The Daily Press

Today in History


Today is Friday, Feb. 17, the 48th day of 2023. There are 323 days left in the year.

Today’s Highlight in History: On Feb. 17, 1801, the U.S. House of Representa­tives broke an electoral tie between Thomas Jefferson and Aaron Burr, electing Jefferson president; Burr became vice president.

On this date:

In 1815, the United States and Britain exchanged the instrument­s of ratificati­on for the Treaty of Ghent, ending the War of 1812.

In 1863, the Internatio­nal Red Cross was founded in Geneva.

In 1864, during the Civil War, the Union ship USS Housatonic was rammed and sunk in Charleston Harbor, South Carolina, by the Confederat­e hand-cranked submarine HL Hunley in the first naval attack of its kind; the Hunley also sank.

In 1897, the forerunner of the National PTA, the National Congress of Mothers, convened its first meeting in Washington.

In 1944, during World War II, U.S. forces invaded Eniwetok Atoll, encounteri­ng little initial resistance from Imperial Japanese troops. (The Americans secured the atoll less than a week later.)

In 1959, the United States launched Vanguard 2, a satellite that carried meteorolog­ical equipment.

In 1964, the Supreme Court, in Wesberry v. Sanders, ruled that congressio­nal districts within each state had to be roughly equal in population.

In 1972, President Richard M. Nixon departed the White House with his wife, Pat, on a historic trip to China.

In 1988, Lt. Col. William Higgins, a Marine Corps officer serving with a United Nations truce monitoring group, was kidnapped in southern Lebanon by Iranian-backed terrorists (he was later slain by his captors).

In 1995, Colin Ferguson was convicted of six counts of murder in the December 1993 Long Island Rail Road shootings (he was later sentenced to a minimum of 200 years in prison).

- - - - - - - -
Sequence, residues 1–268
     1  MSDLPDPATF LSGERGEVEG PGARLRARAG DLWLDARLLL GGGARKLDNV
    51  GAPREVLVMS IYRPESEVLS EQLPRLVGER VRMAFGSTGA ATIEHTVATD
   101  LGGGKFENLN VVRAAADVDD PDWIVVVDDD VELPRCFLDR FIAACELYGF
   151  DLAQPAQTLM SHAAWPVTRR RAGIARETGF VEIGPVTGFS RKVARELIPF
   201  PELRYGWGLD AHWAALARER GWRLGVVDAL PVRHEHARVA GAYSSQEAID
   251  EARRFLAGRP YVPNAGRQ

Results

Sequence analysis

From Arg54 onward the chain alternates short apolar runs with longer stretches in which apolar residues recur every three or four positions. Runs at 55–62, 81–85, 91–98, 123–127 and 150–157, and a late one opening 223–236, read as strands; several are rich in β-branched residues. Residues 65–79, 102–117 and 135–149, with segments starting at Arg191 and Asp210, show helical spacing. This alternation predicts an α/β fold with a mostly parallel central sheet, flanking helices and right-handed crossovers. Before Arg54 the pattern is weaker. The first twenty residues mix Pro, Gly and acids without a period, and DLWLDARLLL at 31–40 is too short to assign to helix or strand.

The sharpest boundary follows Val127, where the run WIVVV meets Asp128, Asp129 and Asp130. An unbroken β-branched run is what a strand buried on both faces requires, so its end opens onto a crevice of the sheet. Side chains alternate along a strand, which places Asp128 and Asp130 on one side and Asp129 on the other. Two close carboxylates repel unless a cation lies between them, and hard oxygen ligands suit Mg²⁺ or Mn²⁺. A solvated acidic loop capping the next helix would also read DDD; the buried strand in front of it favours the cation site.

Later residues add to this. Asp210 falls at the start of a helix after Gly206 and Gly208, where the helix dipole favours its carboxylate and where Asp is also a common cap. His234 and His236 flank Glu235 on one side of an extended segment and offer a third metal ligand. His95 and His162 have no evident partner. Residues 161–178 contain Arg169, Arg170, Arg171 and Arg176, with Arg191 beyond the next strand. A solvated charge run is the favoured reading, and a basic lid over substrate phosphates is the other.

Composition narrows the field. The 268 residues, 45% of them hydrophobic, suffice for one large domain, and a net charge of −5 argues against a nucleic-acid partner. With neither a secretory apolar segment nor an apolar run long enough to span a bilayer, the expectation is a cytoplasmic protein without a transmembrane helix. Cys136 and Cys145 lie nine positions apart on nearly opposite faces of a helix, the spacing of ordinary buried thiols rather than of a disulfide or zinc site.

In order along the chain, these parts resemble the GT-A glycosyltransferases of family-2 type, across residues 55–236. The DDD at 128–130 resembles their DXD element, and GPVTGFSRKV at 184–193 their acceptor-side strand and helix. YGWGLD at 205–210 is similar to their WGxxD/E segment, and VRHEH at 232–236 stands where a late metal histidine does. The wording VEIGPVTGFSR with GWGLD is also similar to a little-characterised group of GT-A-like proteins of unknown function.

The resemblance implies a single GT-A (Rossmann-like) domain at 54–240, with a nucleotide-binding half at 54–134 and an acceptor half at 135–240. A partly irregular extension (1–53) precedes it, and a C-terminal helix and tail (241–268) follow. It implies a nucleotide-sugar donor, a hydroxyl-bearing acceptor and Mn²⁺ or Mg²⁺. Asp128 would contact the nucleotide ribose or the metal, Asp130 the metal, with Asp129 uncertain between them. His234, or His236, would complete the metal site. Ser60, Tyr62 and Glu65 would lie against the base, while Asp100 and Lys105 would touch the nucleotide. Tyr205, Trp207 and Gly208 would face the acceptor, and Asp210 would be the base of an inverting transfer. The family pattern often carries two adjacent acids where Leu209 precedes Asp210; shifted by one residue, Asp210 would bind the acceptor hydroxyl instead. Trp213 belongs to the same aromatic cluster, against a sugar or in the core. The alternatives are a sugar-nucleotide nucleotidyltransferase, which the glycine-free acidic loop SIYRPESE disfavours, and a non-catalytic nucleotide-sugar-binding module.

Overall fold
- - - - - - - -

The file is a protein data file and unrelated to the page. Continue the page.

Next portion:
In 2014, Jimmy Fallon made his debut as host of NBC’s “Tonight Show.”

In 2015, Vice President Joe Biden opened a White House summit on countering extremism and radicaliza­tion, saying the United States needed to ensure that immigrants were fully included in the fabric of American society to prevent violent ideologies from taking root at home.

Ten years ago: Danica Patrick won the Daytona 500 pole, becoming the first woman to secure the top spot for any Sprint Cup race. (Patrick covered the 2½-mile Superspeed­way in 45.817 seconds, averaging 196.434 mph. A week later, Jimmie Johnson won the race, while Patrick finished eighth.) The Western Conference beat the East 143-138 in the NBA All-Star game played in Houston. Mindy McCready, 37, who’d hit the top of U.S. country music charts before personal problems sidetracke­d her career, died by her own hand in Heber Springs, Arkansas.

Five years ago: President Donald Trump’s national security adviser, H.R. McMaster, told a conference in Germany that there was now “incontrove­rtible” evidence of a Russian plot to disrupt the 2016 U.S. election; the statement stood in stark contrast to Trump’s claim that Russian interferen­ce in his election victory was a hoax. Japan’s Yuzuru Hanyu made Olympic figure skating history in the men’s free skate event in South Korea, becoming the first man to repeat as Olympic champion since Dick Button in 1952.

One year ago: U.S. President Joe Biden warned that Russia could still invade Ukraine within days and Russia expelled the No. 2 diplomat at the U.S. Embassy in Moscow, as tensions flared anew in the worst East-West standoff in decades. (Russia would invade Ukraine three days later.) Anna Shcherbako­va won a stunning gold medal in women’s figure skating at the Beijing Games, while Russian teammate Kamila Valieva tumbled all the way out of the medals after a mistake-filled end to her controvers­ial Olympics.

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